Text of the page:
As part of the Snowmass process, the Cosmic Frontier WIMP Direct Detection subgroup (CF1) has drawn on input from the Cosmic Frontier and the broader Particle Physics community to produce this document. The charge to CF1 was (a) to summarize the current status and projected sensitivity of WIMP direct detection experiments worldwide, (b) motivate WIMP dark matter searches over a broad parameter space by examining a spectrum of WIMP models, (c) establish a community consensus on the type of experimental program required to explore that parameter space, and (d) identify the common infrastructure required to practically meet those goals.

  3. Improving the Detection Limit in a Capillary Raman System for In Situ Gas Analysis by Means of Fluorescence Reduction.

    Science.gov (United States)

    Rupp, Simone; Off, Andreas; Seitz-Moskaliuk, Hendrik; James, Timothy M; Telle, Helmut H

    2015-09-11

    Raman spectroscopy for low-pressure or trace gas analysis is rather challenging, in particular in process control applications requiring trace detection and real-time response; in general, enhancement techniques are required. One possible enhancement approach which enjoys increasing popularity makes use of an internally-reflective capillary as the gas cell. However, in the majority of cases, such capillary systems were often limited in their achievable sensitivity by a significant fluorescence background, which is generated as a consequence of interactions between the laser light and optical glass components in the setup. In order to understand and counteract these problems we have investigated a range of fluorescence-reducing measures, including the rearrangement of optical elements, and the replacement of glass components--including the capillary itself--by metal alternatives. These studies now have led to a capillary setup in which fluorescence is practically eliminated and substantial signal enhancement over standard Raman setups is achieved. With this improved (prototype) setup, detection limits of well below 1 mbar could be obtained in sub-second acquisition times, demonstrating the potential of capillary Raman spectroscopy for real-time, in situ gas sensing and process control applications, down to trace level concentrations.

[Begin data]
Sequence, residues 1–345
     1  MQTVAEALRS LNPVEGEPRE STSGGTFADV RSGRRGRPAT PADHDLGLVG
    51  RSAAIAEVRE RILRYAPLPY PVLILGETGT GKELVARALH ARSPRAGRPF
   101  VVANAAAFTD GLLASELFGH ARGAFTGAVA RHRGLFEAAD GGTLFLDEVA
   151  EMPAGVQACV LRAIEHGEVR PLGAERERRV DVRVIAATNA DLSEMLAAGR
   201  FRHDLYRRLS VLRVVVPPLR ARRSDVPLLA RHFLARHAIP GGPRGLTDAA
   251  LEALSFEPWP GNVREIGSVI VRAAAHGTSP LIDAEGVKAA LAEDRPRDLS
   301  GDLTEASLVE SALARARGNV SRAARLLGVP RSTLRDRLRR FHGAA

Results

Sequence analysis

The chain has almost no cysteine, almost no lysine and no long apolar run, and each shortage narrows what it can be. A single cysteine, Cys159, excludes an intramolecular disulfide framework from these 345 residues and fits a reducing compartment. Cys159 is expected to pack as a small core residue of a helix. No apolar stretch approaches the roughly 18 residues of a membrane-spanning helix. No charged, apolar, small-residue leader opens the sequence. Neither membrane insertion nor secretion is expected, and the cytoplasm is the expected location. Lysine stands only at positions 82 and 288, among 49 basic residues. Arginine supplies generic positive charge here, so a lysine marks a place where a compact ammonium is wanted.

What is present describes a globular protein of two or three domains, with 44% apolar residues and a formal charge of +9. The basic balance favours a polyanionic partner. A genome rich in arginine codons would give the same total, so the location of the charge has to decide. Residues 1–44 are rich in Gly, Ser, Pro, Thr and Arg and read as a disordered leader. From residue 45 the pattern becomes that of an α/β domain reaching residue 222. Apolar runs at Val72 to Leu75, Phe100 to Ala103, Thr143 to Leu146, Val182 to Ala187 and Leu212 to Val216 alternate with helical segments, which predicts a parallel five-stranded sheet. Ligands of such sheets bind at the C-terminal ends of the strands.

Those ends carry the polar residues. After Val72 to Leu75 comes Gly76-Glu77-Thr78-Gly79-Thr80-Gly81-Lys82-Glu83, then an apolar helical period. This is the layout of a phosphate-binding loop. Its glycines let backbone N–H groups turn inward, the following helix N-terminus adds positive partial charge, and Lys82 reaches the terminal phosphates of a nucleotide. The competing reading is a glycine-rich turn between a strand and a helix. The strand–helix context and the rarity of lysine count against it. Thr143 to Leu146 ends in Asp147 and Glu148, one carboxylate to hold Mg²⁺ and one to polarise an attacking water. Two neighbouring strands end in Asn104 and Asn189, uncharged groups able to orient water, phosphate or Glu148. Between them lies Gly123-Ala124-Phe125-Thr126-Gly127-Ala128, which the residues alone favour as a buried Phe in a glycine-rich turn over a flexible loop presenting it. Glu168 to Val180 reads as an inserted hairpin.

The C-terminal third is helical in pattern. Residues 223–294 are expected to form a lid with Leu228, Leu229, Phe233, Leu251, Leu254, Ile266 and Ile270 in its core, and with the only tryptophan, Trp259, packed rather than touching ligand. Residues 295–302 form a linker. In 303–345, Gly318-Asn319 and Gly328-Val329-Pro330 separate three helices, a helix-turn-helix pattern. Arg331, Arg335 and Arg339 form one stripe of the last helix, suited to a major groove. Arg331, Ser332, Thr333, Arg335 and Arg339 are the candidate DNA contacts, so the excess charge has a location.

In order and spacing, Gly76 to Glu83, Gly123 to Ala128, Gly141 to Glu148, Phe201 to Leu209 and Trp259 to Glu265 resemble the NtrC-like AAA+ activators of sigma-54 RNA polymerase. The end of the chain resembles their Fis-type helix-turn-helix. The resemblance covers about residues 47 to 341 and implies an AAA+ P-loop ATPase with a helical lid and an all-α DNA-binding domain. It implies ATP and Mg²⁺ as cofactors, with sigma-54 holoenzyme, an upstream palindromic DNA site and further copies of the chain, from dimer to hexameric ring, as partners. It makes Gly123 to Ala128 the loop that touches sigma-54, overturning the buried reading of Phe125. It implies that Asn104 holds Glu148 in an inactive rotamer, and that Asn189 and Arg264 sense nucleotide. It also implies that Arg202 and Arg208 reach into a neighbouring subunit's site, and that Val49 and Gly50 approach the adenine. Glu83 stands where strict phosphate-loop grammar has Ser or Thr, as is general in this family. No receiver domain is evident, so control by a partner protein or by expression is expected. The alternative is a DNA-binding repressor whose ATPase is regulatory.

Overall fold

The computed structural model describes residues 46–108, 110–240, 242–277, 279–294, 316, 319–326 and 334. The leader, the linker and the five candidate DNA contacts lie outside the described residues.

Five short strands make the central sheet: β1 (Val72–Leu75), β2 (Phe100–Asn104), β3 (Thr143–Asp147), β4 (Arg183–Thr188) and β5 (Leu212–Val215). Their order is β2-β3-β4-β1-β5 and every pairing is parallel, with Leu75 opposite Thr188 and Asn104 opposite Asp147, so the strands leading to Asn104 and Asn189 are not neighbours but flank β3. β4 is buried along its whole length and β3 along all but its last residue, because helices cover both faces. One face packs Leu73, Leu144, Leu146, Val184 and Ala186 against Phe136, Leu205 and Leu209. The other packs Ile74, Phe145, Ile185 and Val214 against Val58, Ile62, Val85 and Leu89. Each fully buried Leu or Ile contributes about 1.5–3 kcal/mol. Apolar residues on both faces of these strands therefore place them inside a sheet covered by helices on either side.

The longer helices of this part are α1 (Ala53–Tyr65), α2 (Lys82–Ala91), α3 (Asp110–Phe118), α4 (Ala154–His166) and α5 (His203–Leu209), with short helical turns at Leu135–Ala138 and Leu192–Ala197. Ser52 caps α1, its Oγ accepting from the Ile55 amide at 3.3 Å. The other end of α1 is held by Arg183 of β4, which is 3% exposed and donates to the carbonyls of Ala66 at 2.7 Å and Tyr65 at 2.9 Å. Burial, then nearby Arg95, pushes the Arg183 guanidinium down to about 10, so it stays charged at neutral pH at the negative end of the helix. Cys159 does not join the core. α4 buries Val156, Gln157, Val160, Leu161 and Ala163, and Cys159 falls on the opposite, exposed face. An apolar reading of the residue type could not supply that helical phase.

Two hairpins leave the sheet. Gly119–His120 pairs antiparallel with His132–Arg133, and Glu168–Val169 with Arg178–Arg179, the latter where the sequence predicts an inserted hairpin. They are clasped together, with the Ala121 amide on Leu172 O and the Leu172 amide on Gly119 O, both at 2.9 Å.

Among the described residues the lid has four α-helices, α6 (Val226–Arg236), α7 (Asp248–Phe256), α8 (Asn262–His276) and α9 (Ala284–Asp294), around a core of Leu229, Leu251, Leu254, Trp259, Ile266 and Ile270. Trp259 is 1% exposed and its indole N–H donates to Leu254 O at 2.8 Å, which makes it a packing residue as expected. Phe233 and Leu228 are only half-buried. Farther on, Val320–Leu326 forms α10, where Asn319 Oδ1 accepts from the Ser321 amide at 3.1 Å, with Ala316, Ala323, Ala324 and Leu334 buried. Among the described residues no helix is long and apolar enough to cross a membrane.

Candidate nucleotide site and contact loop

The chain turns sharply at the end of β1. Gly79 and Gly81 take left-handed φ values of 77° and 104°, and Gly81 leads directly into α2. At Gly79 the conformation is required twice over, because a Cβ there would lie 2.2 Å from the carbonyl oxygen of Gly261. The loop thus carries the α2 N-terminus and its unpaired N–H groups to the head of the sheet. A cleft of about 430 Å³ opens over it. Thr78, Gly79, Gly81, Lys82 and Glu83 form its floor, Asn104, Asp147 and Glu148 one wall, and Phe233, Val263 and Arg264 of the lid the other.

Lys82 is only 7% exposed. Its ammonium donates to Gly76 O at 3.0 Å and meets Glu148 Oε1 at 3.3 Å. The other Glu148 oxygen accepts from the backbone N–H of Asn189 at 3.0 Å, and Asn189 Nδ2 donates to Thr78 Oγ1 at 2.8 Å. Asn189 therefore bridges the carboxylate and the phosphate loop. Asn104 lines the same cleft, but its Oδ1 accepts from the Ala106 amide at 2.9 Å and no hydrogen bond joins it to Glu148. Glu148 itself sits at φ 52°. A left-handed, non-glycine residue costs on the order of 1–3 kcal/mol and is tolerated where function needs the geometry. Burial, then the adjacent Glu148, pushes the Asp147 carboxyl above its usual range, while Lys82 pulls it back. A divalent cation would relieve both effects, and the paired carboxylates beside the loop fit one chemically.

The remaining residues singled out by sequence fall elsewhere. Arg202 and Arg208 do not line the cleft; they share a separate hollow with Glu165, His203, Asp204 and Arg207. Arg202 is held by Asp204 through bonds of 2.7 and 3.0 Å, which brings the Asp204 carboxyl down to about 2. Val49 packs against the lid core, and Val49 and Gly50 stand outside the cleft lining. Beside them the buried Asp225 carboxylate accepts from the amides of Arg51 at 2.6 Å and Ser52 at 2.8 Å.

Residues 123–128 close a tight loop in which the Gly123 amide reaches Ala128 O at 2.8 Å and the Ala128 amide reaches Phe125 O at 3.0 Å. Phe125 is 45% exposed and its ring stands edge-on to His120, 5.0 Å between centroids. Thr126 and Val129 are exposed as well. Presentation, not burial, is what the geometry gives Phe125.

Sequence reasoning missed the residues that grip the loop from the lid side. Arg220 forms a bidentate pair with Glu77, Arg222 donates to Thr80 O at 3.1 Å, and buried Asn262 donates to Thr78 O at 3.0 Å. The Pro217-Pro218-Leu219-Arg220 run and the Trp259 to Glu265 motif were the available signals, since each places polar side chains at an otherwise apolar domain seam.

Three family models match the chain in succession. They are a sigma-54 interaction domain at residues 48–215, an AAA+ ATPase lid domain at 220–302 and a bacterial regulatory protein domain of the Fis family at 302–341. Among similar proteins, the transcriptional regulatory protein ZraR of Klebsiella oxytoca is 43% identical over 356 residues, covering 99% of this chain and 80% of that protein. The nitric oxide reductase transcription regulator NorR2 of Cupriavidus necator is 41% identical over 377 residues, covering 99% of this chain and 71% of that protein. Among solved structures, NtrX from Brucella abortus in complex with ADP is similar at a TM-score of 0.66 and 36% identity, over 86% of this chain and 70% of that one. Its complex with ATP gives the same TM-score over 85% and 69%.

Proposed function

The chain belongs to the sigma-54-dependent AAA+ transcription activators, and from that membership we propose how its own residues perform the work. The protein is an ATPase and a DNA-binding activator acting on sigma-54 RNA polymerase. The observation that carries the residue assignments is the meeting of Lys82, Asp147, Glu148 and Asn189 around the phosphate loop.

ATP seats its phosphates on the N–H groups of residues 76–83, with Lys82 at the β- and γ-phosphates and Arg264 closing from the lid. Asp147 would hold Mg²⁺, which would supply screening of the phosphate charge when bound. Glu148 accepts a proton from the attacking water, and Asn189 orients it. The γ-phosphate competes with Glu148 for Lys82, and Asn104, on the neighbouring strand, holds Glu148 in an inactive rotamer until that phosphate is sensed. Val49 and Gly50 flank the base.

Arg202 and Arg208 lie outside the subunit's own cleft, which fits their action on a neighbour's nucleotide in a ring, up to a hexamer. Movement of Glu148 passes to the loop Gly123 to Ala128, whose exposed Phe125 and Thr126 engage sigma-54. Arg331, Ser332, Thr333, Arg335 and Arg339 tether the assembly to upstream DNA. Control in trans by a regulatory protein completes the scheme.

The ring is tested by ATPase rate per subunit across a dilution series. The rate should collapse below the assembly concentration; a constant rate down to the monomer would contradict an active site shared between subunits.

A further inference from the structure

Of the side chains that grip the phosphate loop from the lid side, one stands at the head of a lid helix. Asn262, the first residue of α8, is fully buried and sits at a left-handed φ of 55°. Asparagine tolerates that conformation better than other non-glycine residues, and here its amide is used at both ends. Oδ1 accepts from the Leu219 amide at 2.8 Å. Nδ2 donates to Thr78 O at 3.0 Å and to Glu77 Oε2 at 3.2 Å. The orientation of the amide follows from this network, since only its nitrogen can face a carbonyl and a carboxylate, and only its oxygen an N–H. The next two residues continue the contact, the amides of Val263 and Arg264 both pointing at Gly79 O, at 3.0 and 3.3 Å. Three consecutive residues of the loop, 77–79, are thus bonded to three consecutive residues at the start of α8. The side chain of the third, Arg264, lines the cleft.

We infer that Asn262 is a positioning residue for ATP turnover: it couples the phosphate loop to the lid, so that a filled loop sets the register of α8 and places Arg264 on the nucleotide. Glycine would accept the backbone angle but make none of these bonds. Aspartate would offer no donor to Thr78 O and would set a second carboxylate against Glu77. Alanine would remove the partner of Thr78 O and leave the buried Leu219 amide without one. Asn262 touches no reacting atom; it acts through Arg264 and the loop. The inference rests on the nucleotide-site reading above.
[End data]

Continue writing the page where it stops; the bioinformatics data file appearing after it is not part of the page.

4. Educating Limited-English-Proficient Students in Washington State: Annual Report of the State Transitional Bilingual Instruction Program

    Science.gov (United States)

    Bylsma, Pete; Ireland, Lisa; Malagon, Helen

    2002-01-01

    This report provides information on the program for students with limited English proficiency (LEP) in school year 2000-2001 as well as historical information. Specifically, this report discusses the following topics: (1) staffing patterns and instruction to implement the program; (2) enrollment patterns of students who have participated in the…